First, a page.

WASHINGTON (ABP) — The Supreme Court appeared closely divided during Dec. 2 oral arguments in a case that could have enormous ramifications for the future of government funding for religious institutions.
All eyes were on Justice Sandra Day O'Connor as attorneys squared off in Locke vs. Davey, a case that originated in Washington state. O'Connor — often a swing vote on difficult church-state issues — asked penetrating questions of attorneys for both sides during the hour-long session.
In the case, Washington resident Joshua Davey applied in 1999 for the Promise Scholarship Program, which provides state-funded tuition grants, or vouchers, to disadvantaged Washington students. The scholarships may be spent at any accredited Washington college, including religious ones.
Davey elected to spend his scholarship at Northwest College, a Seattle-area Bible college affiliated with the Assemblies of God. However, the state revoked the scholarship when Davey declared a double major that included pastoral ministries.
State officials cited a provision in Washington's constitution that prohibits the state from spending any money on religious instruction. Davey then sued the state with the help of the American Center for Law and Justice, a legal-advocacy group founded by Religious Right leader Pat Robertson.
Although Davey lost his first round in court, he won in the 9th U.S. Circuit Court of Appeals. A three-judge panel of that court ruled 2-1 that the Washington constitutional provision, as well as a state statute applying it to the Promise program, violated Davey's First Amendment right to free exercise of religion.
Washington Gov. Gary Locke (D) then appealed the ruling to the U.S. Supreme Court.
Last year, the high court declared constitutional an Ohio program that provided government scholarships that could be used in private schools, including religious ones. Justices decided that case, known as Zelman vs. Simmons-Harris, on a contentious 5-4 vote.
So the question before the justices in Locke vs. Davey was not whether providing government funding to religious schools via vouchers violates the First Amendment's ban on government support for religion, but whether the government, in some cases, must fund religious education.
O'Connor asked several questions of Washington Solicitor General Narda Pierce to determine if the program was legally similar to the one at question in the Ohio case. “Is it like a voucher program in that sense?” O'Connor inquired. “You give the money to the student and the student decides how to use it.”
Pierce repeatedly attempted to steer the argument back to the question of whether denying state funding for theology studies comprises a violation of First Amendment rights to religious freedom. “This case involves application of public funds,” she told the justices. “All that the State of Washington has done here is to deny funding for theology studies.”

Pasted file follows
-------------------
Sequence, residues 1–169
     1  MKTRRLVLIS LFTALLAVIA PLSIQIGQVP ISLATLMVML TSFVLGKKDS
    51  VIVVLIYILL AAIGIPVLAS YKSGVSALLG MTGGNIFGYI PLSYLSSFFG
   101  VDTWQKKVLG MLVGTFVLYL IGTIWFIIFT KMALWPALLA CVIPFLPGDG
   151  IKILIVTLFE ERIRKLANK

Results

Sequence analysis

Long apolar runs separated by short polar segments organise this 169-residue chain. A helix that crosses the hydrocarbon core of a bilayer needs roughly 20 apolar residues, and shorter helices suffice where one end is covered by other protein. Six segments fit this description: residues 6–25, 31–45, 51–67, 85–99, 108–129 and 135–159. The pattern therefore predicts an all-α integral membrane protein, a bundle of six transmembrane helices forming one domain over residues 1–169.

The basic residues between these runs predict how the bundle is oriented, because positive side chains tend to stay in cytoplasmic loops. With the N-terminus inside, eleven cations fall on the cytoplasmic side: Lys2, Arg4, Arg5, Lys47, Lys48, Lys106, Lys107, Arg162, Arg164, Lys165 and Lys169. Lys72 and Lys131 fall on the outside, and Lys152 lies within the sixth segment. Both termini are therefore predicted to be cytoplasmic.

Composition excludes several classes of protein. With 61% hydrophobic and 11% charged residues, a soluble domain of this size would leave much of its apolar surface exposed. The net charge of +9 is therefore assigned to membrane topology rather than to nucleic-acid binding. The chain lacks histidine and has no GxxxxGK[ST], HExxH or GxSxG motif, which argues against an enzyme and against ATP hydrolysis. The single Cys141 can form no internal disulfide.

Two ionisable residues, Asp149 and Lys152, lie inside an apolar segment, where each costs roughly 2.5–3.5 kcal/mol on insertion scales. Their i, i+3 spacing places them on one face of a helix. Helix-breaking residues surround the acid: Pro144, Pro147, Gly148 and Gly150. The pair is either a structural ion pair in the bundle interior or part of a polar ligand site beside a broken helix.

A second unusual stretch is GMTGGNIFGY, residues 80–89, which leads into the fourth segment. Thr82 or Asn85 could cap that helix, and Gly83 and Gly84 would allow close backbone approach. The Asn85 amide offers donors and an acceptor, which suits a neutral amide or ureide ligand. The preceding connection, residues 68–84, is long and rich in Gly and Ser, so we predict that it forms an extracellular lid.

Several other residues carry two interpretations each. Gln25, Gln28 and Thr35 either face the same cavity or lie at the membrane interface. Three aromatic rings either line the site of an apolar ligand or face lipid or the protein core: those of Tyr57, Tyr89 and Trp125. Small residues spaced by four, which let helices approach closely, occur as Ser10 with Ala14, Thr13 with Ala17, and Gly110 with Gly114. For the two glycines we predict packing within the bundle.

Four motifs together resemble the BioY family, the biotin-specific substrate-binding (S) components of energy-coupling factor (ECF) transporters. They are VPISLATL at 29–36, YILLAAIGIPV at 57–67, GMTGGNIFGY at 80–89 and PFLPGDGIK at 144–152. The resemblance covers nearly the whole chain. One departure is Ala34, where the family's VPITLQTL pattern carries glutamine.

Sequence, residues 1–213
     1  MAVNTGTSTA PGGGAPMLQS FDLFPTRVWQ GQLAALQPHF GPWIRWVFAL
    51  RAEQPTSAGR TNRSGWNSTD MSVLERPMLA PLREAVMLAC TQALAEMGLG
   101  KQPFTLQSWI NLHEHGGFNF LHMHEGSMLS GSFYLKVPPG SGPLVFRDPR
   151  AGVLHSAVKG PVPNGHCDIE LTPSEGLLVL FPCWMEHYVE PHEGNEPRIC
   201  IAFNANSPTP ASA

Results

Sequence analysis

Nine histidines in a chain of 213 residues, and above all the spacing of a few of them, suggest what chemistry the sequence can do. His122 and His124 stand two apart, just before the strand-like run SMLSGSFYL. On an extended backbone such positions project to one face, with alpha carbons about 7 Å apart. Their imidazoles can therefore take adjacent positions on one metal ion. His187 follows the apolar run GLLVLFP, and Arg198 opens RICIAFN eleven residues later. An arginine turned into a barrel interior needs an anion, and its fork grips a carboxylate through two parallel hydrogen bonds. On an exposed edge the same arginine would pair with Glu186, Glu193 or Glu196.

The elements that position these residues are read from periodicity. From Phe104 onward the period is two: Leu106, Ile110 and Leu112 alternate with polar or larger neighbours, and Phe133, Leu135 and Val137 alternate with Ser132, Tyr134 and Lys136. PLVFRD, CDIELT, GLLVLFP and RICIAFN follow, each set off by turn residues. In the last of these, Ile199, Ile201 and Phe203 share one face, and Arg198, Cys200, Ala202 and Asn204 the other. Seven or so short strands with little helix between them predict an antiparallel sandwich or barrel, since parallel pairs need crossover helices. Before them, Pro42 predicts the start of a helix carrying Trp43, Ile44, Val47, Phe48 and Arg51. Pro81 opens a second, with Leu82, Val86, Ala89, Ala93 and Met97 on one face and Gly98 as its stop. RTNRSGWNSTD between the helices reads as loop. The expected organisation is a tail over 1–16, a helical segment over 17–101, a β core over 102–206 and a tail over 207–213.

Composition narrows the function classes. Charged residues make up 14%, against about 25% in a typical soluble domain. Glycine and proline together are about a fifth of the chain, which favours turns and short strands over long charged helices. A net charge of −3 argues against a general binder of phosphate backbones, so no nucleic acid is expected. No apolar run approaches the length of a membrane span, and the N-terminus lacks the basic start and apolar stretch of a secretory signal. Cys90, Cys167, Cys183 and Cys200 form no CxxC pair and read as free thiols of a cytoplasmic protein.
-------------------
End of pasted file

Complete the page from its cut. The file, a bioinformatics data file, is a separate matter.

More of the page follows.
But Justice Antonin Scalia, a vocal opponent of strict church-state separation, said the question should be what he viewed as Washington's impermissible bias against theology students. “You are discriminating between religion and non-religion,” Scalia contended.
The four justices who tend to support stricter interpretations of church-state separation frequently came to Pierce's aid during the arguments. Summarizing a major part of the state's case, Justice Ruth Bader Ginsburg said, “Not everything that the state could do under the establishment clause it must do under the free-exercise clause.”
A decision in Davey's favor could mean significant gains for the movement to provide government-funded vouchers to religious schools and to use pervasively religious charities to perform government-funded social services — two major domestic-policy goals of the Bush administration. In the arguments, Solicitor General Ted Olson sided with Davey on the administration's behalf.
“The Promise Scholarship program practices the plainest form of religious discrimination,” Olsen told the justices, saying the exclusion of theology studies alone from the scholarship program comprises an unconstitutional “religious test” for the receipt of public services.
Jay Sekulow, executive director of the American Center for Law and Justice, argued Davey's case as a question of his religious freedom. However, several justices seemed skeptical of that point, including John Paul Stevens who asked: “How is his freedom to practice religion impaired at all” simply because Davey was denied state subsidy for his theological studies?
Pierce argued Washington's constitutional amendment banning government funding of religious education has the effect of enhancing religious freedom rather than denying it, because it protects the rights of all Washingtonians to refrain from subsidizing religious teachings they may oppose.
“The state has a somewhat different, but concurring, scheme for religious freedom” than the First Amendment's provisions, Pierce said. “It's the same principle — it doesn't become discrimination against religion just because it extends beyond what the establishment clause requires.”
At a press conference afterwards, Davey said, “This is a case about discrimination.” He noted that the case had inspired him to rethink his calling to the pastoral ministry and instead to enroll in Harvard Law School, where he is a first-year student.